Native American and Indigenous Studies Featured Courses, Fall 2018

Interested in these courses? Consider Penn's Native American and Indigenous Studies Minor

 

ANTH 151-401 Archaeology of American History: The Colonial Period

Instructor: Robert Schuyler


Thursday 1:30PM-4:30PM

Over the last fifty years archaeologists have been exploring historic sites in the United States dating from both the Colonial Period and the 19th/20th centuries. What can archaeology now tell us about the origins of American society, the invasion of North America by various European peoples (Spanish, English, Dutch), the impact on native peoples, the rise of African American and Asian American cultures, major crisis (e.g. the revolution, Civil War, and the Great Depression), the settlement of the Far American West, and the final emergence of a truly national culture in the 20th century? A basic question will be how an American history based on both archaeology and archival sources is different and more complete than an image of the past drawn only from written sources.

 

ANTH 433-401 Andean Archaeology


Instructor: Clark Erickson


Tuesday/Thursday 1:30PM-3:00PM

Consideration of the culture history of the native peoples of the Andean area, with emphasis on the pre-conquest archaeology of the Central-Andean region.

 

ANTH 268-301 Anthropology of Museums


Instructor: Margaret Bruchac


Wednesday 2:00PM-5:00PM 

This course examines museums as sites where issues of Indigenous identity, memory, place and power intersect. Museums have long been engaged in the selective preservation, representation, and contextualization of Indigenous objects, cultures, and histories. We will examine antiquarian impulses that inspired the collecting of curiosities, scientific studies that drove the collection of biological specimens, and nationalist ideals that shaped monuments to house imperialist memories. Museums are now sites for complex, often contentious discourse around Indigenous collections. Students will review histories of local and national collecting processes, with a particular focus on Native American collections and concerns. We will also consider how Indigenous curators and new kinds of museums have developed innovative displays and interpretations.

 

ANTH 258 Visualizing the Past/Peopling the Present


(Cross-listed with Computer and Information Sciences)

Instructors: Clark Erickson and Norman Badler

Monday/Wednesday/Friday 11:00AM-12:00PM

This highly interdisciplinary course approaches fundamental issues in Anthropology and Computer Science.Using an anthropological perspective, this course focuses on the history, theory, and methods of how archaeology and visualizations of the past are created, presented and used in scholarly media (e.g., traditional publications, conference papers, and project databases), and popular culture (e.g., artists reconstructions, movies, TV documentaries, museum exhibits, games, the internet, and art), and contemporary computer technology (e.g., 3D modeling, Animation, virtual reality, and simulation). From the computer science perspective, the challenge becomes how we can transform known and often incomplete information into engaging and plausible digital models of a past culture and its people. Students gain acquisition of fundamental computer programming, data analysis, and 3D modeling and animation tools. The course material is broad and requires conceptual integration by the student. The instructors use the SEAS Open Learning Classroom for programing and the Penn Museum to explore artifact collections through Object-Based Learning and evaluate public exhibits and complete an original Final Project to people and visualize the past. Benjamin Franklin Seminar.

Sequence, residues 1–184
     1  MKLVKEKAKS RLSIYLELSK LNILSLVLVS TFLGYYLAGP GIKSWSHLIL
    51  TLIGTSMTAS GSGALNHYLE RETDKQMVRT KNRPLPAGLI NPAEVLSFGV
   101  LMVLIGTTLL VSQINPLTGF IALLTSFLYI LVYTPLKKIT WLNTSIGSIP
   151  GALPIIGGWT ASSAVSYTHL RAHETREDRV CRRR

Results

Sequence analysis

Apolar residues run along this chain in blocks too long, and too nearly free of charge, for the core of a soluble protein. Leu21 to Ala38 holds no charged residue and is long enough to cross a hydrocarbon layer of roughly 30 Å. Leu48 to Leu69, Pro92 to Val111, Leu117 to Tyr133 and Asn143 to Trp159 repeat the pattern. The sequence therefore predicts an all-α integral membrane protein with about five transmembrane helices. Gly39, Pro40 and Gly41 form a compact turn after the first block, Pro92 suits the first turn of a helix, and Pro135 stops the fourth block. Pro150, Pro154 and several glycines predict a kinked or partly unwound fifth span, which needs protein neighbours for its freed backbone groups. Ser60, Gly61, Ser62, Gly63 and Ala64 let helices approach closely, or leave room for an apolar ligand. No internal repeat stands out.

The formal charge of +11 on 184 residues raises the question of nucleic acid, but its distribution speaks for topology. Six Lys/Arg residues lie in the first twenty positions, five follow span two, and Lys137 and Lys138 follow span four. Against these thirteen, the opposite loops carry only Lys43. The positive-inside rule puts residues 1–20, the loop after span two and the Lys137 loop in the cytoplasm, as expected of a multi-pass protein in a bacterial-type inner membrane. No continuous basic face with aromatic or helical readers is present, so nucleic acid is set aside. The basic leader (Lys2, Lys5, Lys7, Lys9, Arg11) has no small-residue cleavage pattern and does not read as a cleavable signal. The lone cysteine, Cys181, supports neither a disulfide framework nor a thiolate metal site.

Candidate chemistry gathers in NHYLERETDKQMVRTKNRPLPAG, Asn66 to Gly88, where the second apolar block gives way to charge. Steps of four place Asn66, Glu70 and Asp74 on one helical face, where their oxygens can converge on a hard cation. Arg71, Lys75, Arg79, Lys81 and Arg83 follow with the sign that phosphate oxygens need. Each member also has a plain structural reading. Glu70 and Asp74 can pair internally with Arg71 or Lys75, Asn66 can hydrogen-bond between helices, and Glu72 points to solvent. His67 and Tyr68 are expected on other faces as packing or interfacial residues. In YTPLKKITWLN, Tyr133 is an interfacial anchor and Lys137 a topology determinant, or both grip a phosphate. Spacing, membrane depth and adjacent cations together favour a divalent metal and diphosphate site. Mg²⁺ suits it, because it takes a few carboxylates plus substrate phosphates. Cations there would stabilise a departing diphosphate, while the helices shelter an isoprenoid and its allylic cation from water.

ANTH 581-401 Environmental Activism with Indigenous Communities

Instructor: Timothy Powell

Wednesday 2:00PM-5:00PM 

We are living in a moment of Environmental crisis as the oceans rise and carbon emissions warm the planet.  And yet more than half the US population believes climate change will not harm them personally and 30% feel they cannot trust science.  As the standoff at Standing Rock and the #NoDapl movement made clear, Native Americans' spirituality is playing a central role in galvanizing the public and providing alternative narratives to capitalist consumption. Students will work on ongoing projects to build partnerships between Penn and two Native American communities-- Sitting Bull College on the Standing Rock Sioux reservation in South Dakota and a UNESCO World Heritage Site nomination submitted by Ojibwe First Nations in Canada to preserve 24,000 sq. kms. of boreal forest through the use of Traditional Ecological Knowledge.  This class will learn to build multi-media exhibits using Scalar, Omeka, Google Earth, and StoryMap.  No previous experience is necessary.  Students will learn about choosing a platform, creating dynamic narratives that incorporate videos and interactive features, and learning about grant writing in order to sustain digital projects and benefit Indigenous communities.  Although the emphasis will be on practical applications or praxis, the course will also engage with new theories from the fields of Digital Humanities and Environmental Humanities as a basis for building new exhibits.